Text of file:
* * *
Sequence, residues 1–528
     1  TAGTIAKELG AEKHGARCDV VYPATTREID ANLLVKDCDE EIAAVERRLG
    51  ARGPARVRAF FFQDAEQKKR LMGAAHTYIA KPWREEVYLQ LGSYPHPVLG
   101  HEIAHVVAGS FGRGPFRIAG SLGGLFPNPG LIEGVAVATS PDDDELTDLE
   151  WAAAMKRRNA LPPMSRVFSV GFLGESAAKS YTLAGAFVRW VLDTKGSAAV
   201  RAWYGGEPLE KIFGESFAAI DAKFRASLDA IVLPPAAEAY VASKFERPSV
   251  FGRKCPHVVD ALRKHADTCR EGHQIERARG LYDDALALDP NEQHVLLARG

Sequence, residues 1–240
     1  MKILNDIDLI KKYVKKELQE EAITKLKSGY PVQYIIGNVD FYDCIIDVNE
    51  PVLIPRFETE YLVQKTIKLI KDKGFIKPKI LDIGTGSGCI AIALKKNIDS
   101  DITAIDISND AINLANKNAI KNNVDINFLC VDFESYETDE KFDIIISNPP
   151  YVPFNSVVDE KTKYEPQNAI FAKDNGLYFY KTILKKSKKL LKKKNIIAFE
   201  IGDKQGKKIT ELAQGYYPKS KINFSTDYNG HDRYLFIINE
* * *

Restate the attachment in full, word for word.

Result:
Sequence, residues 1–528
     1  TAGTIAKELG AEKHGARCDV VYPATTREID ANLLVKDCDE EIAAVERRLG
    51  ARGPARVRAF FFQDAEQKKR LMGAAHTYIA KPWREEVYLQ LGSYPHPVLG
   101  HEIAHVVAGS FGRGPFRIAG SLGGLFPNPG LIEGVAVATS PDDDELTDLE
   151  WAAAMKRRNA LPPMSRVFSV GFLGESAAKS YTLAGAFVRW VLDTKGSAAV
   201  RAWYGGEPLE KIFGESFAAI DAKFRASLDA IVLPPAAEAY VASKFERPSV
   251  FGRKCPHVVD ALRKHADTCR EGHQIERARG LYDDALALDP NEQHVLLARG

Sequence, residues 1–240
     1  MKILNDIDLI KKYVKKELQE EAITKLKSGY PVQYIIGNVD FYDCIIDVNE
    51  PVLIPRFETE YLVQKTIKLI KDKGFIKPKI LDIGTGSGCI AIALKKNIDS
   101  DITAIDISND AINLANKNAI KNNVDINFLC VDFESYETDE KFDIIISNPP
   151  YVPFNSVVDE KTKYEPQNAI FAKDNGLYFY KTILKKSKKL LKKKNIIAFE
   201  IGDKQGKKIT ELAQGYYPKS KINFSTDYNG HDRYLFIINE